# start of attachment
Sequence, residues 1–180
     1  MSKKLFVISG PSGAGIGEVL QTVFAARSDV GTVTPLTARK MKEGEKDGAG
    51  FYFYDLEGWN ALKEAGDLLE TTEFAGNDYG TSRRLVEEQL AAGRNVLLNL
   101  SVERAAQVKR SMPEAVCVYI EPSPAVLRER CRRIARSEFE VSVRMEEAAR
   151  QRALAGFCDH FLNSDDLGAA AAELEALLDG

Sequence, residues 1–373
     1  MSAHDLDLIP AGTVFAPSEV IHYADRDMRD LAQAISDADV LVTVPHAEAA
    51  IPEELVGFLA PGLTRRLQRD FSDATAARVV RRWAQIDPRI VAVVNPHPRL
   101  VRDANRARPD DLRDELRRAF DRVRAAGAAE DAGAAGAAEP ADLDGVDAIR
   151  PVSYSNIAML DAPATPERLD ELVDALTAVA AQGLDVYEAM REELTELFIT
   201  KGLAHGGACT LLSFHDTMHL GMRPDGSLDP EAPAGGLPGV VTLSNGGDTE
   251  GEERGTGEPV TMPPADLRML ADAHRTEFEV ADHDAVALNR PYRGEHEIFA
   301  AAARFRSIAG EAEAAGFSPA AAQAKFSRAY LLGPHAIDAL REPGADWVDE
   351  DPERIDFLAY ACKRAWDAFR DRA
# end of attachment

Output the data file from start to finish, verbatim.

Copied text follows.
Sequence, residues 1–180
     1  MSKKLFVISG PSGAGIGEVL QTVFAARSDV GTVTPLTARK MKEGEKDGAG
    51  FYFYDLEGWN ALKEAGDLLE TTEFAGNDYG TSRRLVEEQL AAGRNVLLNL
   101  SVERAAQVKR SMPEAVCVYI EPSPAVLRER CRRIARSEFE VSVRMEEAAR
   151  QRALAGFCDH FLNSDDLGAA AAELEALLDG

Sequence, residues 1–373
     1  MSAHDLDLIP AGTVFAPSEV IHYADRDMRD LAQAISDADV LVTVPHAEAA
    51  IPEELVGFLA PGLTRRLQRD FSDATAARVV RRWAQIDPRI VAVVNPHPRL
   101  VRDANRARPD DLRDELRRAF DRVRAAGAAE DAGAAGAAEP ADLDGVDAIR
   151  PVSYSNIAML DAPATPERLD ELVDALTAVA AQGLDVYEAM REELTELFIT
   201  KGLAHGGACT LLSFHDTMHL GMRPDGSLDP EAPAGGLPGV VTLSNGGDTE
   251  GEERGTGEPV TMPPADLRML ADAHRTEFEV ADHDAVALNR PYRGEHEIFA
   301  AAARFRSIAG EAEAAGFSPA AAQAKFSRAY LLGPHAIDAL REPGADWVDE
   351  DPERIDFLAY ACKRAWDAFR DRA